CLARENCE CHATTERBOX: Returning to school changes with tech
CHRISTMAS is but a distant memory now and the focus has moved towards getting the kids back to school at the end of the month, although retailers would have us believe Easter was just around the corner judging by the hot cross buns for sale and Easter eggs already in supermarkets.
Getting the kids ready for school these days is a much more complicated and expensive undertaking than it was when I went to school in the '80s and '90s.
I remember being excited on the first day of a new school year as I went off to school with my new shoes (Grosby's were in vogue in my era), new backpack, new lunchbox and possibly a new uniform depending on how much growing I did from year to year.
Part of the "back to school" fun was shopping with mum and buying pens, pencils, and calculators, geometry sets in the little sardine-like tins and books.
A pencil case that all your friends could draw on in a double period of legal studies when it was a struggle not to doze off.
You would get a new exercise book for each subject and covering them all was as much an exercise in creativity as it was in mastering the beast that is sticky Contact.
Book covers were adorned with the pin-up of the moment according to Dolly magazine. Images would be cut out and carefully arranged in a collage that would be the envy of your other classmates.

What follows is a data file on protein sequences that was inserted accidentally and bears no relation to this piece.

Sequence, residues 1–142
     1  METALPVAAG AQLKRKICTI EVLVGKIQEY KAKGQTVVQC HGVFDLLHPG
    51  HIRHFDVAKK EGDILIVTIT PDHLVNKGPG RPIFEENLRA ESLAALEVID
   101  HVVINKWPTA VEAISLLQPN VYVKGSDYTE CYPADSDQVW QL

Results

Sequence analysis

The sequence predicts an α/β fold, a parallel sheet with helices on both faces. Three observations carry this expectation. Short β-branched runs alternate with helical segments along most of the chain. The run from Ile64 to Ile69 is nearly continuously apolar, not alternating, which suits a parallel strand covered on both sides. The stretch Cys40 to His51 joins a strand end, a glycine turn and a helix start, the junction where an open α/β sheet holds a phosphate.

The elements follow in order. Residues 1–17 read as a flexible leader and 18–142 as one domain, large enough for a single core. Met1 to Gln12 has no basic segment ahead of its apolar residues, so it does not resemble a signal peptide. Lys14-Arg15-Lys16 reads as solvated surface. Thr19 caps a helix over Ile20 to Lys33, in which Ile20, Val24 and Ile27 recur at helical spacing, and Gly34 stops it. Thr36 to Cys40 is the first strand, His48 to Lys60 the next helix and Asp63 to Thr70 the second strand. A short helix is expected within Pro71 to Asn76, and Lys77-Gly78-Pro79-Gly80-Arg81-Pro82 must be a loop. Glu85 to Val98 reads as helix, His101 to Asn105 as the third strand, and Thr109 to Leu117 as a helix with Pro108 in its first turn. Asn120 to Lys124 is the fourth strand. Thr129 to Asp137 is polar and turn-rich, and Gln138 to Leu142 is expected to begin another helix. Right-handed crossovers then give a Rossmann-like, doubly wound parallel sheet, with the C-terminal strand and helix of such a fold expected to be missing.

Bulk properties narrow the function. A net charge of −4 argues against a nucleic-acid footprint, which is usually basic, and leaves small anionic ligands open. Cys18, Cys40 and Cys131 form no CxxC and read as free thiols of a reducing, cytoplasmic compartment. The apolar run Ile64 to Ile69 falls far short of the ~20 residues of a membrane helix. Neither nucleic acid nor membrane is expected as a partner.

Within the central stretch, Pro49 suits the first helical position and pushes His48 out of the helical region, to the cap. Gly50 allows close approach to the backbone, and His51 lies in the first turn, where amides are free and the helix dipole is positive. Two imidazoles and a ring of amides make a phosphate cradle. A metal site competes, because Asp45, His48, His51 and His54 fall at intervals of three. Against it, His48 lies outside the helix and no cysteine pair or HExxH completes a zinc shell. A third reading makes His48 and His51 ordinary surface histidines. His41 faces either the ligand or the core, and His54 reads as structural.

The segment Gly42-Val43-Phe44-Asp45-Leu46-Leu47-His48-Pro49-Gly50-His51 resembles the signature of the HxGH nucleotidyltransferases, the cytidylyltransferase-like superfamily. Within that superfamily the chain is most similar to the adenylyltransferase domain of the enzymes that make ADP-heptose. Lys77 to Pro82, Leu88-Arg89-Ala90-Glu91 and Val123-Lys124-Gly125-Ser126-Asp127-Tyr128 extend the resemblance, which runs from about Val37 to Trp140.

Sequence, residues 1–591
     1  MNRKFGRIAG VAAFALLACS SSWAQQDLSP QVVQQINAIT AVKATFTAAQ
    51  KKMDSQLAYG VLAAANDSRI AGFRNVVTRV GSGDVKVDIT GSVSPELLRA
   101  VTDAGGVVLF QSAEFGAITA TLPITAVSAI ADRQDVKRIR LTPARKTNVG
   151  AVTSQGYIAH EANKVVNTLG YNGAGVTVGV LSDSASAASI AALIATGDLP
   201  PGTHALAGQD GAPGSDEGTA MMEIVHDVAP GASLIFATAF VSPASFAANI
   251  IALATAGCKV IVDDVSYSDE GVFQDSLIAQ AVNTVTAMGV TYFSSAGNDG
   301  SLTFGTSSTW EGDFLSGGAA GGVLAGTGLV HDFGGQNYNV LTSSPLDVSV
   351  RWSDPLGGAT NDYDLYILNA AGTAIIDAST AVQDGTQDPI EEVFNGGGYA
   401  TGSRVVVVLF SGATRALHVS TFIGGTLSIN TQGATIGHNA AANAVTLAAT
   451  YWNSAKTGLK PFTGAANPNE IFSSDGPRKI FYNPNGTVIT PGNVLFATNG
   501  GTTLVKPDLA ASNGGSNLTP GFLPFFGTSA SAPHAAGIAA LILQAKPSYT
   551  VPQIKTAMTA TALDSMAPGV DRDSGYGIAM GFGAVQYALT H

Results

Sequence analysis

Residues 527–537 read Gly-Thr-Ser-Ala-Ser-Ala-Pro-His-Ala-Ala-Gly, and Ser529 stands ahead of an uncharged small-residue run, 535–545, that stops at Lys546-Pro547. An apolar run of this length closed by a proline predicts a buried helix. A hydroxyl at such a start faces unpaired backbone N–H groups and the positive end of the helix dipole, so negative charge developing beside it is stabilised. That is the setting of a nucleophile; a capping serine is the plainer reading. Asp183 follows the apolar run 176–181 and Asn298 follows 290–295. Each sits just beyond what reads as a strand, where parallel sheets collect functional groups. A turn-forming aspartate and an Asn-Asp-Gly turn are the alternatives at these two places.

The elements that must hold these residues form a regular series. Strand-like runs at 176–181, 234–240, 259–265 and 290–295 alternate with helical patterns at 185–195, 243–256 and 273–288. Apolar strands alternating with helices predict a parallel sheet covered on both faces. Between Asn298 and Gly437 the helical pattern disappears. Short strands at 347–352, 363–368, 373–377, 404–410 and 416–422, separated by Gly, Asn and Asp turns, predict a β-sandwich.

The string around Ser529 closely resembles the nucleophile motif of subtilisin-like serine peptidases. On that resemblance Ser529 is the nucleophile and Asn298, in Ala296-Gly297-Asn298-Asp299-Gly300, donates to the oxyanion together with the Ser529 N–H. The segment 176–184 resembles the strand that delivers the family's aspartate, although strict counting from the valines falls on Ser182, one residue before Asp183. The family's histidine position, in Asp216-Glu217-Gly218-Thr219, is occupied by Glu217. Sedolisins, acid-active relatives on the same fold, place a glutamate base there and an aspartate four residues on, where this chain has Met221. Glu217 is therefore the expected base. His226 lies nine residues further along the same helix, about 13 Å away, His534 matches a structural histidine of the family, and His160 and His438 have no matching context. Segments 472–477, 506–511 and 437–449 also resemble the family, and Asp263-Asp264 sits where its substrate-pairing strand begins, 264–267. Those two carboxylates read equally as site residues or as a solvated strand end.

When it was time to complete a school project I would wander to the neighbours who had a set of encyclopaedias and manually write all the information and reproduce it onto the whitest sheet of cardboard, complete with pictures out of books or magazines or a handwritten masterpiece drawn by Mum or Dad. These days when I tell my parents to "Google it" they still look at me puzzled and confused.
These days exercise books have been replaced with laptops and iPads, making the annual pilgrimage back to school a very expensive undertaking.
Notes are no longer recorded in books but downloaded to USB drives.
Then there is the challenge of getting your little munchkins out of bed on the first morning of school after six weeks of staying up late and sleeping in until after lunch. Battle lines will be drawn and tempers lost in this battle known as "back to school".